However, the deeper problem with the quote is not just that R. C. Sproul most likely didn’t say it, but that it just isn’t true. The narrative goes like this: the church simply “believed the Bible” for 1000, 900, and 60 years after Christ, until the influence of The Feminist Movement eroded Christians’ confidence in Biblical truth. When they read 1 Corinthians 11:5 (“every woman that prayeth or prophesieth with her head uncovered dishonoureth her head”), they simply believed it and obeyed it, and they put a cloth on their heads. Since the 1960s, however, “liberal” Bible commentators have started coming up with “new” ways of interpreting Bible passages like 1 Corinthians 11, and have come up with the argument that head coverings were a “cultural practice” that made sense in the cultural context of 1st century Corinth, but since our 21st century culture is different, head-coverings don’t apply to us anymore. The answer, on this telling, is to get back to the “universal practice” of the church before Feminism ruined everything. For some drinking from the waters of “anti-wokeness” headcoverings are even be viewed as a way to push back against the “wokeness” of the culture around us by showing our commitment to the “old paths.”

Unfortunately for this narrative, it falls flat on its face as soon as you start reading some Reformed interpreters, starting in the 16th and 17th centuries, a good 400 years before The Feminists “ruined” Biblical hermeneutics.


Theodore Beza

Let’s start with Theodore Beza (1519–1605), successor of Calvin in Geneva. In his brief “study Bible” notes on 1 Corinthians 11, he said this:

It appeareth that this was a politike law serving onely for the circumstances of the time that Paul lived in, by this reason, because in these our daye, for a man to speake bare-headed in an assembly, is a signe of subiection.

The New Testament of our Lord Iesus Christ : translated out of Greeke by Theod. Beza ; with brief summaries and expositions upon the hard places by the said authour, (1599), 74.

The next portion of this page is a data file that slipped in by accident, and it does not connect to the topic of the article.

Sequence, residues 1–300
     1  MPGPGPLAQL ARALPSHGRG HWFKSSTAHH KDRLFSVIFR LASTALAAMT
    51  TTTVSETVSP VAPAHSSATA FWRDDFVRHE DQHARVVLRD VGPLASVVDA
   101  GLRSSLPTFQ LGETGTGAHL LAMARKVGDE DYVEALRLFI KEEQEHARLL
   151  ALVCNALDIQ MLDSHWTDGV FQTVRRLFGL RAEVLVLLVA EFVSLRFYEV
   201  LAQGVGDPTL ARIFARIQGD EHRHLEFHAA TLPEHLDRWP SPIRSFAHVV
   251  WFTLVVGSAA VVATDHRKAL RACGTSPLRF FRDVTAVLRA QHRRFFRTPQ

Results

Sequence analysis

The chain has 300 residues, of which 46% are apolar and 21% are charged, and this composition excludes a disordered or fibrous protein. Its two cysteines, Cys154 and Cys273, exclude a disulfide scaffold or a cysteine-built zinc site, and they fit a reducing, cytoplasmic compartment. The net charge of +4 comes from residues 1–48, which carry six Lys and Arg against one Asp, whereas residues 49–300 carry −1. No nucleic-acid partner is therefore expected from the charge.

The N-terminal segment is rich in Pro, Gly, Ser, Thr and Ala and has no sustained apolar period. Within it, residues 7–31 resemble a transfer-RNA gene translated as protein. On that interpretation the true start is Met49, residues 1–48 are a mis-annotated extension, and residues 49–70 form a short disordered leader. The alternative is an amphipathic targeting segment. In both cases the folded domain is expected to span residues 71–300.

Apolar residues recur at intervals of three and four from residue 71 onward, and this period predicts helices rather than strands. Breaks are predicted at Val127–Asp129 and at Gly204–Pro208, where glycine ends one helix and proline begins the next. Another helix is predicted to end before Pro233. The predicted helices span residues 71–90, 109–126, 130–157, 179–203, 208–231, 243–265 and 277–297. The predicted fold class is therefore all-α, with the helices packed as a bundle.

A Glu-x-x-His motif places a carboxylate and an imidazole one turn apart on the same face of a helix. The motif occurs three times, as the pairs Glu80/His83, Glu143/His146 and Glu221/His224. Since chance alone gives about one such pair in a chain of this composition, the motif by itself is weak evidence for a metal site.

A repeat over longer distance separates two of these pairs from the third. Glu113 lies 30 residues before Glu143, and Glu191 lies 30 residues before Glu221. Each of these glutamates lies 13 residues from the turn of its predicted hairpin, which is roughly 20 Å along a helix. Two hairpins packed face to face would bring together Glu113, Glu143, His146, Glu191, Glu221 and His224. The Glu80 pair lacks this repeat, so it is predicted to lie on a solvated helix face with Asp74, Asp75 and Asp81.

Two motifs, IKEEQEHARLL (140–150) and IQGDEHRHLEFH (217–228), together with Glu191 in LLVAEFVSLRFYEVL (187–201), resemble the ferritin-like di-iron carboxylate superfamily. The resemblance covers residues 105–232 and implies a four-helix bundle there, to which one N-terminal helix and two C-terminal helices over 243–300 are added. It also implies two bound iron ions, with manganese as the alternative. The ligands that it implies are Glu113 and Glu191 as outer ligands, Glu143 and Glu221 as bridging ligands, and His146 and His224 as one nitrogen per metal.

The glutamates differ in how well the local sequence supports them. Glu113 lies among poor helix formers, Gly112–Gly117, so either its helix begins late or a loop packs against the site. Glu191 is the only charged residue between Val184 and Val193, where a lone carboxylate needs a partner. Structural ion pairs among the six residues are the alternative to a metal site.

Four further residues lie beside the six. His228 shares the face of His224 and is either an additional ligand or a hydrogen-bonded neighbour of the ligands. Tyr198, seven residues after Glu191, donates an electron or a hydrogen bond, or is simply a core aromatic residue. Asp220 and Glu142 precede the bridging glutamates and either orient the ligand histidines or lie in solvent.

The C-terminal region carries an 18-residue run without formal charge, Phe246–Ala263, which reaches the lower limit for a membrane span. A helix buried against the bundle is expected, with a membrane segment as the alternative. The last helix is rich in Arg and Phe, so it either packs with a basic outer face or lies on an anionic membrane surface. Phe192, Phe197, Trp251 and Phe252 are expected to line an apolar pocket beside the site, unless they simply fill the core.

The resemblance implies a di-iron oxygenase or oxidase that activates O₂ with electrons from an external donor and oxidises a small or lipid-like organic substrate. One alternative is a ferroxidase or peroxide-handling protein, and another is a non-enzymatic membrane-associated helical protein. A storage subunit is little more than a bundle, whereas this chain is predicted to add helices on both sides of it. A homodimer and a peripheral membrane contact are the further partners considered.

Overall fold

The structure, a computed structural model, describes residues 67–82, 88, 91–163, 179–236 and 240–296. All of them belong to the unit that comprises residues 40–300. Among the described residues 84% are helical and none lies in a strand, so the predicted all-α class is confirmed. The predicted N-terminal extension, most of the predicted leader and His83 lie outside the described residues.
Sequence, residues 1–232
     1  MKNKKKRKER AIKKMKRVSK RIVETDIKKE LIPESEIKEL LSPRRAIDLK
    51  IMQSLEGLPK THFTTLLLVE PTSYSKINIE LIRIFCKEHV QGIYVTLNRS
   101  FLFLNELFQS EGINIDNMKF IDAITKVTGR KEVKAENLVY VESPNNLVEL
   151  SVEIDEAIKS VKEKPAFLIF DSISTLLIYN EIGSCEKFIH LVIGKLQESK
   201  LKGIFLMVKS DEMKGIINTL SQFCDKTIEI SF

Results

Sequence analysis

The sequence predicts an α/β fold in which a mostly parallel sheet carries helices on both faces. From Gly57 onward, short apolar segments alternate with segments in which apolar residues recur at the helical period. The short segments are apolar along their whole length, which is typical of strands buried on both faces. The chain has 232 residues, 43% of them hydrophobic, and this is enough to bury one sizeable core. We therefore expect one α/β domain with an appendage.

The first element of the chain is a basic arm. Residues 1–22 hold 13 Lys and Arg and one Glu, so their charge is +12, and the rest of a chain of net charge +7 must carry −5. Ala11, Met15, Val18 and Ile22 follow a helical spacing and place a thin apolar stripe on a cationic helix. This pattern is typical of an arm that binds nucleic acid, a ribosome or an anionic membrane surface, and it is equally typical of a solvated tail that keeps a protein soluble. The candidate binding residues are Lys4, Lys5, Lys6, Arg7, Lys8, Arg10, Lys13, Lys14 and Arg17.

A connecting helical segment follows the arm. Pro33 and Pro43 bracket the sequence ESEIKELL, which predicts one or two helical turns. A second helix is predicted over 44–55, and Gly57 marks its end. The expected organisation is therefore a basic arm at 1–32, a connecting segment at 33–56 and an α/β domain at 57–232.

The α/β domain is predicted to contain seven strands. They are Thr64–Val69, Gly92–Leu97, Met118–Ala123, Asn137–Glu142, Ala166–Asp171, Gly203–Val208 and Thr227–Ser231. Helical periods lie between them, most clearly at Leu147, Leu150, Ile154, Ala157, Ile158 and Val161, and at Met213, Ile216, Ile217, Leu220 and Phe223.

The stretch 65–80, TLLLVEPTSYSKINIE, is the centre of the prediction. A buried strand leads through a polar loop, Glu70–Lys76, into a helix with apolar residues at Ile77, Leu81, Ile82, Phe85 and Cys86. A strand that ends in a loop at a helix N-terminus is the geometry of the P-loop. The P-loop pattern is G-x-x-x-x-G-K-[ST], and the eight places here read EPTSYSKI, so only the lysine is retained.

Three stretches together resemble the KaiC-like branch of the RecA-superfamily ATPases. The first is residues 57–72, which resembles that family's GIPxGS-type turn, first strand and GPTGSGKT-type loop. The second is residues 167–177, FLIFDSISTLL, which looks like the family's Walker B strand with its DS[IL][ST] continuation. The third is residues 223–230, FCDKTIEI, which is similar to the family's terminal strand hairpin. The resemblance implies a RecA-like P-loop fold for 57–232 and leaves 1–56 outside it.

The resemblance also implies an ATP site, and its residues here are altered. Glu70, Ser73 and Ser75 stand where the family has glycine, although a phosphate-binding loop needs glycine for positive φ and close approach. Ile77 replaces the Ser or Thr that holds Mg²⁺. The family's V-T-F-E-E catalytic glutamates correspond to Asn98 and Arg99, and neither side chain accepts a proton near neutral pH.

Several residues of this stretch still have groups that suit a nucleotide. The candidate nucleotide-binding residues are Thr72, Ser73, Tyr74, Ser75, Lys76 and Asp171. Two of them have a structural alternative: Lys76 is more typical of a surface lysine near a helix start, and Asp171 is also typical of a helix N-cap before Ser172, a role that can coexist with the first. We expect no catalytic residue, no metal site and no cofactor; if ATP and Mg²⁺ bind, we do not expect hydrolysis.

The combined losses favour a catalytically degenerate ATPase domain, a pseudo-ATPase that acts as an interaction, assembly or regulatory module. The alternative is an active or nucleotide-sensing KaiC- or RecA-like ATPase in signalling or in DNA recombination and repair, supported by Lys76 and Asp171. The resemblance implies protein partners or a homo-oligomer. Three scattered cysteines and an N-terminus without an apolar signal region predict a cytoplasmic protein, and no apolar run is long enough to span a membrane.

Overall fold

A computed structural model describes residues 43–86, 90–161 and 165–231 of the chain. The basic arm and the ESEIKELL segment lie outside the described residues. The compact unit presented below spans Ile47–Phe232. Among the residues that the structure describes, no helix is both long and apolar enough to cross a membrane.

Is it a “universal principle” that men should uncover their heads, and women should cover them? Beza thought this was “onely for the circumstances of the time that Paul lived in.” In Paul’s day, the way to show authority was to uncover your head. In Beza’s day, uncovering your head showed “subiection,” so men kept their heads covered. Whether one covered or uncovered was dictated by what that act symbolized in a particular culture. And in Beza’s culture, men wore hats (check out the picture!).


William Whitaker

It’s fascinating to look at the debates between 16th century Catholics and Protestants over how to interpret scripture. William Whitaker (1548–1595) was an English reformer, and published a “disputation” with Catholic Cardinal Robert Bellarmine. According to Richard Muller, Whitakers’s work was “representative” of Protestant interpretation of the 16th century, and became “a point of reference for sound doctrine throughout the seventeenth century” as well (Post-Reformation Reformed Dogmatics, Vol. 2, 482). Whitaker was debating the role of human traditions in Catholic interpretation versus Protestant integration, and used head coverings as an example, calling it an “indifferent ceremony”:

…of indifferent ceremonies, it is even farther from touching us… He [Paul] desires men to pray with uncovered, women with covered heads: which injunctions are not of a perpetual obligation; for they are not now observed even by the papists themselves; so as to make it plain that all churches are not bound to the same ceremonies.

A Disputation on Holy Scripture, Against the Papists, Especially Bellarmine and Stapleton (1588), 549.

One of the most influential English Reformers believed that headcoverings was an example of the difference between a Roman Catholic approach to “traditions and ceremonies” and a Protestant approach to Scripture and practice.